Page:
The Communist Terms for Peaceful Co-Existence
Have They Changed?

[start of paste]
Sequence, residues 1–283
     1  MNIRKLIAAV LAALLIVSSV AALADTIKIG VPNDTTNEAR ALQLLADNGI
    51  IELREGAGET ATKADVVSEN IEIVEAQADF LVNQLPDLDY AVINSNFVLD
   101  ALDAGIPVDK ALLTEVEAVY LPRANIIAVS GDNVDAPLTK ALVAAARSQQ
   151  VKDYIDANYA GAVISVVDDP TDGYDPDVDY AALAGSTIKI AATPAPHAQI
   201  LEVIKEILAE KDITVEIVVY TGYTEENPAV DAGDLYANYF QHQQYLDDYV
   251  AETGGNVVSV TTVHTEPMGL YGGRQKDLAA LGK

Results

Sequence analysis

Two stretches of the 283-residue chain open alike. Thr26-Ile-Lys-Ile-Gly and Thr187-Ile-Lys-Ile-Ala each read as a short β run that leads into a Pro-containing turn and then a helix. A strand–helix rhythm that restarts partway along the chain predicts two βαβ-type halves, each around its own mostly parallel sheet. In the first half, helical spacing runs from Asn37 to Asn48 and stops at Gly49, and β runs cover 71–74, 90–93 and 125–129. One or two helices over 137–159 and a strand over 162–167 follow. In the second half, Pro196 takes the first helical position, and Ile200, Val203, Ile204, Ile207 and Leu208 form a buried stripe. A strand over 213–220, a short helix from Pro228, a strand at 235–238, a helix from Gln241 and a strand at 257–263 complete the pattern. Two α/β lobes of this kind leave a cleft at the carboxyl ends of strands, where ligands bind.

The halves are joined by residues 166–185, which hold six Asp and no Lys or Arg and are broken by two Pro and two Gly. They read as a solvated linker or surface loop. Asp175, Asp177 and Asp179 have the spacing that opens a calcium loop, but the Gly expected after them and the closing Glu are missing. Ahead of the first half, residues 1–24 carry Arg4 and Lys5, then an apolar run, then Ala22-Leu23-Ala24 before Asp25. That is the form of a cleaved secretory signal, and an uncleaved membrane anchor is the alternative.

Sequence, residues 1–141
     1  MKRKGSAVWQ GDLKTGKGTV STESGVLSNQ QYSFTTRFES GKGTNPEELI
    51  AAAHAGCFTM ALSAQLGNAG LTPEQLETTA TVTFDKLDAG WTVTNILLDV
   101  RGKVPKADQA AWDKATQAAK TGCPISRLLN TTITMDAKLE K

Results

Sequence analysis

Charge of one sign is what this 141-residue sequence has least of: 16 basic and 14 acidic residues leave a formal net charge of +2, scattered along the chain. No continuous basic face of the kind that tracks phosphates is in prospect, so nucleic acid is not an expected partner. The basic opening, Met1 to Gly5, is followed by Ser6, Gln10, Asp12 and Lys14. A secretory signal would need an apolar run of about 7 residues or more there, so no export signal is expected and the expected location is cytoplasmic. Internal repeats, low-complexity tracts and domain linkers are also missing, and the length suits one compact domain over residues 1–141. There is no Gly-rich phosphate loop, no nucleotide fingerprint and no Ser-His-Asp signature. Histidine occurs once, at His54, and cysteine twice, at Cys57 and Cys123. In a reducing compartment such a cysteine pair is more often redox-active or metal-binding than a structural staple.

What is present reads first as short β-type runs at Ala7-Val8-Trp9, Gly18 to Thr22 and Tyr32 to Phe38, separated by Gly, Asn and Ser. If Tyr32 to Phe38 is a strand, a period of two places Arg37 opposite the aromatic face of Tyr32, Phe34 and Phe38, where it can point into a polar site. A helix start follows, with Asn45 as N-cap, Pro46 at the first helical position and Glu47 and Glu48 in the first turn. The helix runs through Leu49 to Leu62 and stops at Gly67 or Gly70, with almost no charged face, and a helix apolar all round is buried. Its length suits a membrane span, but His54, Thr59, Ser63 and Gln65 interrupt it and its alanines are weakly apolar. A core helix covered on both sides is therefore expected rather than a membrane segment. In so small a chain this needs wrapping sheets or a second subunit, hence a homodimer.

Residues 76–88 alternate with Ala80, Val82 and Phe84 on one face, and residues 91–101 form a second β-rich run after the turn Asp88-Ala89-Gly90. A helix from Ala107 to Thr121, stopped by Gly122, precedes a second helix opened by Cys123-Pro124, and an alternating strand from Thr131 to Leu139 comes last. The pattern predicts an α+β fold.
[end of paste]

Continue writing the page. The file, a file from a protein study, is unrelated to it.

It is always helpful when people take the trouble to define the words they use in political controversy, and Soviet propaganda has been at pains to explain what we should understand by “peaceful co-existence.” According to a recent exposition in Soviet News it comprises the three principles of mutual respect for territorial integrity, non-aggression, and noninterference in each other’s internal affairs. This is, of course, the formula that has been used in the agreements between China and India and between China and Burma, and it is reminiscent of the bilateral non-aggression pacts which were once so freely offered by Stalin and Hider and were preferred by some threatened nations to a system of collective security. It is not enough, however, for a critic of Soviet policy to point to the disturbing precedents of yesterday or merely to warn against too easy acceptance of the belief that the Muscovite mischief-maker is now at last really a reformed character; the campaign for peaceful co-existence needs to be studied in relation to the specific problems and needs confronting Communist policy-makers in the circumstances of world affairs at the present time.
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